Rebel-held Misrata under siege from Gaddafi forces
As foreign ministers meet in Doha to discuss how the international community should respond to the conflict in Libya, FRANCE 24 reports from rebel-held Misrata, a town holding out after weeks of attacks by forces loyal to Muammar Gaddafi.
In rebel-held Misrata in western Libya, FRANCE 24 correspondents report on the daily attacks that have reduced much of the centre of the city to bullet-riddled rubble.
Misrata is the third-largest in Libya with a population of 550,000, has been under constant attack for the past five weeks.
FRANCE 24’s Alexandra Renard and Mathieu Mabin, reporting from the besieged city, say rebels holding out in the city's old town.
“They came yesterday and tried to remove the barricades from the street," one fighter told FRANCE 24. "But we destroyed their tanks with rocket launchers and killed several men.”
Lying on the ground around the barricades, the dead bodies of soldiers loyal to Libyan leader Muammar Gaddafi testify to the intensity of the fighting.
Rights groups and residents say that the weeks of heavy fighting has resulted in dozens killed while food, water and medical supplies are becoming scarce.
Criticism of NATO
Ahead of a Libyan contact group meeting of foreign ministers in Qatar on Wednesday, French Foreign Minister Alain Juppé said NATO was not doing enough to protect civilians from Gaddafi’s forces.
“NATO must fully play its role, and it is not doing so sufficiently,” Juppé told France Info radio on Tuesday.
The meeting takes place amid continued bloodshed in Libya and especially in Misrata, the only town in western Libya where the rebel forces still have a foothold.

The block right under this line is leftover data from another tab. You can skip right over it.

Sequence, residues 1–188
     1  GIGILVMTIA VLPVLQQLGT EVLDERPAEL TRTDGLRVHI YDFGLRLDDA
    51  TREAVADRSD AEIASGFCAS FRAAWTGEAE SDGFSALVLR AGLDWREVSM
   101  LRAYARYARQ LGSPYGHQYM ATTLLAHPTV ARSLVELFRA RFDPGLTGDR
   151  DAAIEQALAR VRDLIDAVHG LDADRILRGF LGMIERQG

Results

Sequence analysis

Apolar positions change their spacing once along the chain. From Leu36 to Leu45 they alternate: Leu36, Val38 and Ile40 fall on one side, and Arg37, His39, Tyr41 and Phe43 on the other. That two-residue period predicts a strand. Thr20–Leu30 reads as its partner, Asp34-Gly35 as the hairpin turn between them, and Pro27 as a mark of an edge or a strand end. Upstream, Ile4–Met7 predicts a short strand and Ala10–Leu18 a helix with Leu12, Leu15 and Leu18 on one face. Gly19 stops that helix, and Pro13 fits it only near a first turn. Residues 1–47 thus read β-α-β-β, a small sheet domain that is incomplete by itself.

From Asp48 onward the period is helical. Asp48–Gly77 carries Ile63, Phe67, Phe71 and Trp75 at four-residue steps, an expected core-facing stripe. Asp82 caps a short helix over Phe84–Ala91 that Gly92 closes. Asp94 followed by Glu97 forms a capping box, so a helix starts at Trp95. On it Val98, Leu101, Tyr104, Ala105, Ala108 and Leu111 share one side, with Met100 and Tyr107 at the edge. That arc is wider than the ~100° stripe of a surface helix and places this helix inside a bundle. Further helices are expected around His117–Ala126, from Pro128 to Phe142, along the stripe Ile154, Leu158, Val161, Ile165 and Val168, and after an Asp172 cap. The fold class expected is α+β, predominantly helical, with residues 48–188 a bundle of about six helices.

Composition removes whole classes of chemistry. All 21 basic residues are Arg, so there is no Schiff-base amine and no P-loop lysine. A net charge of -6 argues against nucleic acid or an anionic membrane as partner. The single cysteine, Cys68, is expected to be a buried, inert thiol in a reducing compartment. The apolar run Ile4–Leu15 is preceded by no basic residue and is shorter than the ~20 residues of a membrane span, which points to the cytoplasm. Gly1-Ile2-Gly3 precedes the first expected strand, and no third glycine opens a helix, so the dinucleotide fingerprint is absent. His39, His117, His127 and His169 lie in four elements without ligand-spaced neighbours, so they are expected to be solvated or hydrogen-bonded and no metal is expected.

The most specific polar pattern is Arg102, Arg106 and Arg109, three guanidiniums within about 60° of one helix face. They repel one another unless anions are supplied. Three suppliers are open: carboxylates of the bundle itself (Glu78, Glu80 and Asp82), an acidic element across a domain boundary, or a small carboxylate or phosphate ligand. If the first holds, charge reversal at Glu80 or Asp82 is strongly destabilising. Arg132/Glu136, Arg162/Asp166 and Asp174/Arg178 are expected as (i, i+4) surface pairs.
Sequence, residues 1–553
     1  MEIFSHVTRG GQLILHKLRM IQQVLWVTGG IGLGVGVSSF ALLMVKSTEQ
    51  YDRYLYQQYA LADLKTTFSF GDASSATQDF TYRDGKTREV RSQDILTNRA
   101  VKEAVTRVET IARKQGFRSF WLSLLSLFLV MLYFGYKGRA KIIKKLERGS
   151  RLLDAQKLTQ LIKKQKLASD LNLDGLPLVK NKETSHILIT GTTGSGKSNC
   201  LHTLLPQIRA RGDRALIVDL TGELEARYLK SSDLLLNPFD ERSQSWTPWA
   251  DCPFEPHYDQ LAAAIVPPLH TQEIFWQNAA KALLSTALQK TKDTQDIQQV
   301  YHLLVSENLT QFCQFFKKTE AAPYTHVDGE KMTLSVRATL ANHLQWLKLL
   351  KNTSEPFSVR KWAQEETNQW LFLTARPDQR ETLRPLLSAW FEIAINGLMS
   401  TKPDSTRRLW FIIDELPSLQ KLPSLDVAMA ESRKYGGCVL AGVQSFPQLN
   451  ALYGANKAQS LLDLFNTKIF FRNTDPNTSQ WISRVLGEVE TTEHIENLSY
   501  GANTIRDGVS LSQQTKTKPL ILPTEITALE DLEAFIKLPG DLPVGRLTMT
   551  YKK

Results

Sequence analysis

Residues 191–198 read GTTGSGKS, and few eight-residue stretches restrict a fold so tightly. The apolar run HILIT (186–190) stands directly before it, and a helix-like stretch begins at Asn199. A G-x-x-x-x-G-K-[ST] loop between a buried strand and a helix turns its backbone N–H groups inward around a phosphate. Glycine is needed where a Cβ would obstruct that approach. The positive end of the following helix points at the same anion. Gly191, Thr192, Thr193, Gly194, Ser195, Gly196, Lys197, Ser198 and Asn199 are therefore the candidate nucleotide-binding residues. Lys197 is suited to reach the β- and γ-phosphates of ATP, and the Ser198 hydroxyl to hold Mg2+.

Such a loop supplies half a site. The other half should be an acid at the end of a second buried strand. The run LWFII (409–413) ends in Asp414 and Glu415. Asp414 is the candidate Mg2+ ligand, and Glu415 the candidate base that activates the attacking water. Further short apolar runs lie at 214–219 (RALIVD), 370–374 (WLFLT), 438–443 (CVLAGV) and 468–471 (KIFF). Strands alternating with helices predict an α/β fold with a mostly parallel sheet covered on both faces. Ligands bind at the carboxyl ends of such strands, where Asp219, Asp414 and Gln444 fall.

NATO rejected France’s criticism on Tuesday, saying its forces had destroyed four of Gaddafi’s tanks near the southern rebel-held town of Zintan, while British jets patrolling near Misrata had fired missiles and destroyed one tank.
The Libyan contact group is made up of European powers, allies from the Middle East and North America, and international organisations including NATO. Envoys from the African Union – which has tried to broker a ceasefire that was rejected by the rebels, who are seeking Gaddafi's ouster – will also attend.
The group will hear from leaders of the pro-democracy movement in the country and Libya’s former foreign minister, Moussa Koussa, who defected to the UK last month, is expected to attend.
According to British Foreign Minister William Hague, the group will discuss how to “maintain the international unity while bringing together a wide range of nations in support of a better future for Libya”.